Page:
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Hello, I'm 30 years old and have been working in human services for the past 9 years; 3 in in-home care, 6 in mental health/suicide prevention. I have reached a point where I need to either get an advanced degree or change fields. I'm very passionate about empowering others and am intrigued by the opportunities that an advanced degree would offer. I was thinking of getting an MSW with the intent to eventually become a LCSW. That said, I've heard every extreme from, "you will never earn anything, get any recognition, and be completely burnt out" to "an LCSW is a great opportunity and the median salary is $65,000; naysayers are thinking of a BSW." Could anyone help me to parce out these variances in opinions? I'm aware of the good, bad, and the ugly of social work in general but not in terms of an advanced degree. I have a heart for both macro and micro social work and am not in it for the money, but I would like to have the ability to one day own a small home, pay basic expenses without sleepless nights, be able to occasionally go out with friends or take a modest vacation, and have an emergency savings. All things that are difficult for me right now. Essentially; to live a very modest middle-class lifestyle. Is this possible? Would I be better to change fields? Is there another degree that would be similar but more suitable for this? (Since I've been working privately for the past 3 years and just moved to a more metropolitan area I feel a bit out of touch in terms of who to ask of my contacts.)

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My first question is, why have you reached a point where you need to get an advanced degree or switch fields?

My second question is, do you want to be a therapist?

My third question is, if you did not choose an MSW what field would you switch to?

 

In my opinion, an MSW is a mixed bag. In general, it is an underappreciated role that comes with low pay, high stress, and poor working conditions.

My first job out of my MSW program was an outpatient therapist at a community mental health center. I was expected to work 40 hours a week MINIMUM, had a tremendous amount of paperwork that was impossible to do, and had to meet productivity goals and when I wasn't, there was a lot of pressure from management. When factoring in the amount of hours I worked, I was barely making more than minimum wage. I burnt out quickly. I moved on to a job at a state prison. The pay is much better and I only have to work 40 hours a week MAXIMUM unless there is a crisis, but as you can imagine the working conditions are poor.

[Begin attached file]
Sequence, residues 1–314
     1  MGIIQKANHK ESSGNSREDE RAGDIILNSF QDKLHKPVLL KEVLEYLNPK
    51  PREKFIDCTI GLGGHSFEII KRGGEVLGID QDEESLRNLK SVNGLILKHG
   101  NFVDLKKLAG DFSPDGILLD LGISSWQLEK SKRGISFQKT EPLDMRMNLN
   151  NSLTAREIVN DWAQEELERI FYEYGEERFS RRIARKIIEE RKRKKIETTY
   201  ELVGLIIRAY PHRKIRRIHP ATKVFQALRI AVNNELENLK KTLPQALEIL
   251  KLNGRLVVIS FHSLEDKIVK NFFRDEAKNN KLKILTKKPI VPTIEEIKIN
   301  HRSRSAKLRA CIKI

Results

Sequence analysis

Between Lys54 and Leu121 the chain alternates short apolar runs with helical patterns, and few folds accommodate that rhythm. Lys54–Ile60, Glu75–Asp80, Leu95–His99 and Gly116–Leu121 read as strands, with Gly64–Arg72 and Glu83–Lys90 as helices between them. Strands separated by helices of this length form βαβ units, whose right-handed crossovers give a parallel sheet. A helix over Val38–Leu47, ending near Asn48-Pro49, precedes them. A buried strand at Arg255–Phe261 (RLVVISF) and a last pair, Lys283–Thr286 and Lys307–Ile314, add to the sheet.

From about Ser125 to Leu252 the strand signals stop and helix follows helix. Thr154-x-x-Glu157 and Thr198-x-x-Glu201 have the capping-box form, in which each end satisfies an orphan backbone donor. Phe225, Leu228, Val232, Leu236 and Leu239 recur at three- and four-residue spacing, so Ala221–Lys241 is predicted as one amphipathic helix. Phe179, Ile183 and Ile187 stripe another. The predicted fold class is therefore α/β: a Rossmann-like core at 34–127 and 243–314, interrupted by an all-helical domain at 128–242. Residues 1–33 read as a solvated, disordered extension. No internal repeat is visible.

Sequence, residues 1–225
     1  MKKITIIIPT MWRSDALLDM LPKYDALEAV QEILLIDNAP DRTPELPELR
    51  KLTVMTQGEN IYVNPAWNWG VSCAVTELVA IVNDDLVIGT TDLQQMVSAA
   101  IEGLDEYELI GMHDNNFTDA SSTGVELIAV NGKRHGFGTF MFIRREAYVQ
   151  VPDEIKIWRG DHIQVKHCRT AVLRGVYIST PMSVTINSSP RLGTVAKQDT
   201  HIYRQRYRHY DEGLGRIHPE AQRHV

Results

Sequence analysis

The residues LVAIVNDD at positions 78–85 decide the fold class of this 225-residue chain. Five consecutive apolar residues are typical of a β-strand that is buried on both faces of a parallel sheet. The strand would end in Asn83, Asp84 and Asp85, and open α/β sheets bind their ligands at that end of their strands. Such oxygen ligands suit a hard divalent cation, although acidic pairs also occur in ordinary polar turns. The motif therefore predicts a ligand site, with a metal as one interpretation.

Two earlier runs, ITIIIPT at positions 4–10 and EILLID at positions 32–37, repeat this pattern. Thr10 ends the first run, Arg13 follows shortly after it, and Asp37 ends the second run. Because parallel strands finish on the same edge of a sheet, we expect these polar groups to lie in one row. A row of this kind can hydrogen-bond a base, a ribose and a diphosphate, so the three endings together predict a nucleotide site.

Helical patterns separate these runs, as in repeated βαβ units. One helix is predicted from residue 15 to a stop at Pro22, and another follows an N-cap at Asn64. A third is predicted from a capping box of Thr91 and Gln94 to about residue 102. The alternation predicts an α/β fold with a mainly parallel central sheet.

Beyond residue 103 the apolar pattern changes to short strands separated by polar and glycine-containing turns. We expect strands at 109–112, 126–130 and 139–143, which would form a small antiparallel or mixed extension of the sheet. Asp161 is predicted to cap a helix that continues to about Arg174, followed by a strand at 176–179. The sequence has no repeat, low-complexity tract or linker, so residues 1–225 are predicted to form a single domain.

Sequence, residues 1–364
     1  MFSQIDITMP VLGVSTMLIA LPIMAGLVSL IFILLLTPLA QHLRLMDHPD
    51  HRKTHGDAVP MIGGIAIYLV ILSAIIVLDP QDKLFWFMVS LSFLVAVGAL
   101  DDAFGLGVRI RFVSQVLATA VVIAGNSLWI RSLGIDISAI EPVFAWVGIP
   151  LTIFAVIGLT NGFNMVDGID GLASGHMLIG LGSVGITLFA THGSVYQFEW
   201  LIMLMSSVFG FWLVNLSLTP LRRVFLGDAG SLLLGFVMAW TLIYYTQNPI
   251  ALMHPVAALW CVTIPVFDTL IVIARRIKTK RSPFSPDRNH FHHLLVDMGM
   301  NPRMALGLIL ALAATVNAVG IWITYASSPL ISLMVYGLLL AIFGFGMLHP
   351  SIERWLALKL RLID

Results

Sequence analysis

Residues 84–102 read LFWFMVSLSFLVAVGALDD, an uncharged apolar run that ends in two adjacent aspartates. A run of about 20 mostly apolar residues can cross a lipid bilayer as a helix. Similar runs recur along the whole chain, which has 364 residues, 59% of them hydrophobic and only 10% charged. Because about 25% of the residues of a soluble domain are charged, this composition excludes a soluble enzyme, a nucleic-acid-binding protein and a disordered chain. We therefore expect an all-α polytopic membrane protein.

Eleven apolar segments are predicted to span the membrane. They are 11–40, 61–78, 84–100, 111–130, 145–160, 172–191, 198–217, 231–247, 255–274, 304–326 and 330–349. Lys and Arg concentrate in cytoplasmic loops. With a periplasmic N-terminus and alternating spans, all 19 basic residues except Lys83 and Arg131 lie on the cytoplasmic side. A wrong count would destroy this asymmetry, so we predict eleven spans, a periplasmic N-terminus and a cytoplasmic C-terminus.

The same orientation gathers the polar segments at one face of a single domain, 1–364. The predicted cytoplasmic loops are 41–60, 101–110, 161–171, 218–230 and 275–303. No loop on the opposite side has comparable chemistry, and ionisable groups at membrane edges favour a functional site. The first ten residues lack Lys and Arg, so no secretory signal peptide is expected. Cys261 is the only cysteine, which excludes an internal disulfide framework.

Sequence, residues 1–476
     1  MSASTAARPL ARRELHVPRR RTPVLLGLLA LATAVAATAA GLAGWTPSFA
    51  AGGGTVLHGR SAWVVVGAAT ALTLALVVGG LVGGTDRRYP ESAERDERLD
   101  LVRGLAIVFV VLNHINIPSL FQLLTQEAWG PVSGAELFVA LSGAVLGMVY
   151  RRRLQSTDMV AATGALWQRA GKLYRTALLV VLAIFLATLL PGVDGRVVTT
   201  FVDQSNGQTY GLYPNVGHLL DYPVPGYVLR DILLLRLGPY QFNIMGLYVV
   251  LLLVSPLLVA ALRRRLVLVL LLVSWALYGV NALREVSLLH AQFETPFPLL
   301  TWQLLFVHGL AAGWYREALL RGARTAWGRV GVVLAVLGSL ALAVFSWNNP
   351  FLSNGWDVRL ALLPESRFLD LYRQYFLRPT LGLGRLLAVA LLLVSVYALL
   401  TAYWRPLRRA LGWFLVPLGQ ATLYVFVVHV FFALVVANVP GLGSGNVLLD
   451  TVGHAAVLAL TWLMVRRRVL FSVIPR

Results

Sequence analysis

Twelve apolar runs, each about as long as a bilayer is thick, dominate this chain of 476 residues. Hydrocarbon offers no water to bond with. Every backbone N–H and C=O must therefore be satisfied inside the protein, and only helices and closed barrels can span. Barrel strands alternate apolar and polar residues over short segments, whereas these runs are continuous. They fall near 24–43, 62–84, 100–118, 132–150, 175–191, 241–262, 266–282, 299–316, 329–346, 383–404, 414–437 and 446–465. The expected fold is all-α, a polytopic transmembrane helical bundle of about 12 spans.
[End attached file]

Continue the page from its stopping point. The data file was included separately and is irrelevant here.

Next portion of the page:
There are micro-level areas that pay better such as prisons, medical social work (hospitals, dialysis clinics, etc.), and hospice, but in general it's still high stress and poor working conditions. You also need to check with your state board to make sure these positions qualify at clinical hours towards LCSW (it varies by state).

Do things get better with an LCSW? They can, but not necessarily. In my area the LCSW only comes with a 10-15% raise and you still continue to do the same job(s) you were doing before with just slightly better pay unless you move into a management role. It also takes 2-3+ years to get enough hours for LCSW.

As for "the median salary is $65,000", I'm assuming this comes from websites like salary.com. In my area, no one I know with LCSW gets paid this much unless they are in an upper management role or are in private practice. Social work is very broad and LCSWs work in a lot of different places/roles so be weary of that figure and assuming it's an LCSW actually in the role of therapist. I'm sure MSWs and LCSWs make this in other areas of the country, but the cost of living is probably higher in those areas. So don't just look at the median salary for your area, but consider cost of living, as well.